Last week I spoke on a panel at IECA–Independent Educational Consultants Association(http://iecaonline.com) in Chicago. Such a great experience and important topic.
Mindfulness in Action
Will White, Summit Achievement…
As a Seattle area Educational Consultant, I’m often asked by parents which standardized their child should take for admission to independent schools. This is a great article about the differences and similarities.
Although private and boarding schools offer families compelling programs and advantages, the admissions process — which can begin a year or more ahead of the entry year — can seem daunting.
The first hurdle many families encounter in the application process is unfamiliar standardized admissions exams: the Independent School Entrance Exam (ISEE) and Secondary School Admissions Exam (SSAT). Most private, independent, and boarding schools require one of these tests for admission. Research your schools to determine which test they accept (some accept both!) and prepare accordingly.
As you go into the preparation process, keep in mind that scores on the ISEE and SSAT do not necessarily correlate with class performance. The ISEE and SSAT measure how students compare to thousands of the top students around the country, and therefore your student’s initial scores may not be as high as you anticipate.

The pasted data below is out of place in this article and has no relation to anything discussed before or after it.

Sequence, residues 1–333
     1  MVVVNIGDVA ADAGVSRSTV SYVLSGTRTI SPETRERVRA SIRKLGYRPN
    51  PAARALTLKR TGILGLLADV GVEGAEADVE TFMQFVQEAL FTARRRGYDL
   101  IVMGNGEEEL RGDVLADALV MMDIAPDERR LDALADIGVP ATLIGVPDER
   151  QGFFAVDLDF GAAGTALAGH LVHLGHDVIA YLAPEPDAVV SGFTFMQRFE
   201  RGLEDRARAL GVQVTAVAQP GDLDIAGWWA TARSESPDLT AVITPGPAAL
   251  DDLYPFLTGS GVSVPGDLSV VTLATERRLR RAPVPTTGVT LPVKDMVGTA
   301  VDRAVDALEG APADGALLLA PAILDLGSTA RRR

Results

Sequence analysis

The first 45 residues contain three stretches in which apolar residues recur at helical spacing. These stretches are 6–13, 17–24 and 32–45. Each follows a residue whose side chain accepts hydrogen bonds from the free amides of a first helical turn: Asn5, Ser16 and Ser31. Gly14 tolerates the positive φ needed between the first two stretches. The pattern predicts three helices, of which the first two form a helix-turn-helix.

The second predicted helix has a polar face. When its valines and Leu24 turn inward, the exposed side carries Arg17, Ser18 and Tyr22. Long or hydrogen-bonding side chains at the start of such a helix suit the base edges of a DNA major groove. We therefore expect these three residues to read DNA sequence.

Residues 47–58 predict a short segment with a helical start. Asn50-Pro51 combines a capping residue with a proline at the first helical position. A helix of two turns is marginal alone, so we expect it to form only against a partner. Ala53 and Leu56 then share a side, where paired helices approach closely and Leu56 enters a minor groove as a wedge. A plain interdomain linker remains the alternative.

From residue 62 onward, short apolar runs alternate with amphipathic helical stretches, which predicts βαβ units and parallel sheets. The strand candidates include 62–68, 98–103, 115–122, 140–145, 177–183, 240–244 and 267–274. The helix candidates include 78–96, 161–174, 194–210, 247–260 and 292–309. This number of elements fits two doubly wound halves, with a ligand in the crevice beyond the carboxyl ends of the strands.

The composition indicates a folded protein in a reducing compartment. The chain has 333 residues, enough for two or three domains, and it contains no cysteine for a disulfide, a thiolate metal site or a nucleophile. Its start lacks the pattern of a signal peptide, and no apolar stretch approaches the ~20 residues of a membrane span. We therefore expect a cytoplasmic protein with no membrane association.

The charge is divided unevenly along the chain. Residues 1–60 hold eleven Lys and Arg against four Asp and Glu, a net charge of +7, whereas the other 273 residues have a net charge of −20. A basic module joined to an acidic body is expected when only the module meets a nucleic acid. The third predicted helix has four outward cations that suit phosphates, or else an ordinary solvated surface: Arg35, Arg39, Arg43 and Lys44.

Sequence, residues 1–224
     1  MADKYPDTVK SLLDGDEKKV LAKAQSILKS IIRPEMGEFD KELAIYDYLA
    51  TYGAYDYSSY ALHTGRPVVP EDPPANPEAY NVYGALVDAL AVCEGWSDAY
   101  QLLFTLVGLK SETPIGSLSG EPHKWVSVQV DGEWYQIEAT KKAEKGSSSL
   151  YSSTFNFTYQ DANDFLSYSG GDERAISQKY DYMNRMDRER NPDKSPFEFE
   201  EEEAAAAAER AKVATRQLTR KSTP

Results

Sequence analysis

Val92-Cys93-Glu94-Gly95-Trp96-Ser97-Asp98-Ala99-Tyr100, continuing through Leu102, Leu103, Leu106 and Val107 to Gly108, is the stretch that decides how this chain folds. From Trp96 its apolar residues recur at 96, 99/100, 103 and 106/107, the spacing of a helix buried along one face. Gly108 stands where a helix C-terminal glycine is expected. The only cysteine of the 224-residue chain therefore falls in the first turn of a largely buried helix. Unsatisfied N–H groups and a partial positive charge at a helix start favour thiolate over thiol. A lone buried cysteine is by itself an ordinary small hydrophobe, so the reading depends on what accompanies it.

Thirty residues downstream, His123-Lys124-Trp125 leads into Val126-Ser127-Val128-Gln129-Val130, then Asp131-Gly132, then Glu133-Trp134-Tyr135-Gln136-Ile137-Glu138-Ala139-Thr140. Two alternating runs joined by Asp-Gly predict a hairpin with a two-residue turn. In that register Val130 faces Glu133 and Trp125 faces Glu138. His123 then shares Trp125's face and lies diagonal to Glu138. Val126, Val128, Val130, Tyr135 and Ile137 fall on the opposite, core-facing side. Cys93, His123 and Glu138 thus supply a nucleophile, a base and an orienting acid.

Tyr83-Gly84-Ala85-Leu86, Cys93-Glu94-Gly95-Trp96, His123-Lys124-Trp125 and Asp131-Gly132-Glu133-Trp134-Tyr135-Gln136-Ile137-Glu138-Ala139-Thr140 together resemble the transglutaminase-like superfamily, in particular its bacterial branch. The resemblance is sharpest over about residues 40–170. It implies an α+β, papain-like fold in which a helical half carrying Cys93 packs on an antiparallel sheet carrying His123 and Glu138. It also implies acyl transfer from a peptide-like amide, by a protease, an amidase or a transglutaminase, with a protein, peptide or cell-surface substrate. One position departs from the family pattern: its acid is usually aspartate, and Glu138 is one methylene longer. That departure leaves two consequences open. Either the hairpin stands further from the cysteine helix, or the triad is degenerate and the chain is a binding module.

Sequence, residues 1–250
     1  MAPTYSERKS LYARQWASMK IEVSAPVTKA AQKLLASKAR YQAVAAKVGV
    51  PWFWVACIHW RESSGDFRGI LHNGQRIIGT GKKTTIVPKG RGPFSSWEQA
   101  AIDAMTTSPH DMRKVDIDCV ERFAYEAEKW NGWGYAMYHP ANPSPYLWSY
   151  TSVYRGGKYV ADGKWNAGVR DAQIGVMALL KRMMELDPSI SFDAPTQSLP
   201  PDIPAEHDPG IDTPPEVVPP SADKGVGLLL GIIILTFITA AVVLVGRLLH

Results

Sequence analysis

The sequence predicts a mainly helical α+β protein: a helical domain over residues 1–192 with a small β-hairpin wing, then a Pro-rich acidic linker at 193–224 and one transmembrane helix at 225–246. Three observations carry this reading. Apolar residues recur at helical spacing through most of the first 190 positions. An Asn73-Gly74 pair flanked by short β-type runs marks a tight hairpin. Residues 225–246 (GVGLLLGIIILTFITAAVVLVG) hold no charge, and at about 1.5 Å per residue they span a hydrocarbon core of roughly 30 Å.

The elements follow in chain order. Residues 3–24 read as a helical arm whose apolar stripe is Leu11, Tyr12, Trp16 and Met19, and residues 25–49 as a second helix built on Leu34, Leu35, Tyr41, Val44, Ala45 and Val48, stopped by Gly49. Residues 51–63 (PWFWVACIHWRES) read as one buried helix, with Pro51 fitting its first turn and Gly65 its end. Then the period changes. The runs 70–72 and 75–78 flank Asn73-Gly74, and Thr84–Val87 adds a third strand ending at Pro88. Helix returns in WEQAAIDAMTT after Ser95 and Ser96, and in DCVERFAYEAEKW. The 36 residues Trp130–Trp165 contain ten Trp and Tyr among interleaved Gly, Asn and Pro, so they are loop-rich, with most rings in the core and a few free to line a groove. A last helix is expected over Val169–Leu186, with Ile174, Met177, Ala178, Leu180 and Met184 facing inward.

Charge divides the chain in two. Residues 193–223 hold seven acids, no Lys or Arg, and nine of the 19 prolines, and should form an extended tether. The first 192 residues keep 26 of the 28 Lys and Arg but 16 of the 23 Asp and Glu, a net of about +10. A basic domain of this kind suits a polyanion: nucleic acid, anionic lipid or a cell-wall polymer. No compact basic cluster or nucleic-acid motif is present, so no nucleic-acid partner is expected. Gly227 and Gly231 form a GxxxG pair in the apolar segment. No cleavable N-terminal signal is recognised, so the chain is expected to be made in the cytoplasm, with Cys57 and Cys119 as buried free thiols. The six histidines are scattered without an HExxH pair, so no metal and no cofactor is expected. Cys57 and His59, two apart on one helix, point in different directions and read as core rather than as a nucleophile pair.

What are the levels of each test?
The level of the test a student will take is determined by the grade to which you’re applying. Here’s the breakdown:
Elementary Level: students applying to grades 4-5
Primary Level: students applying to grades 3-4
Middle Level: students applying to grades 6-8
Lower Level: students applying to grades 5-6
Upper Level: students applying to grades 9-12
Middle Level: students applying to grades 7-8
Upper Level: students applying to grades 9-12
Major Differences Between the ISEE and SSAT
If you have the option of taking either test, it’s important to know the differences between the two so you can make an informed choice. One of the most significant differences between the ISEE and the SSAT is the score report. The ISEE presents four section scores, while the SSAT shows only three. Although both tests have four multiple choice sections (two math, one verbal, and one reading), the SSAT combines the two math section scores into one number on the final report, while the ISEE keeps the two separate. Thus, students hoping to highlight their abilities in math should aim to take the ISEE if possible.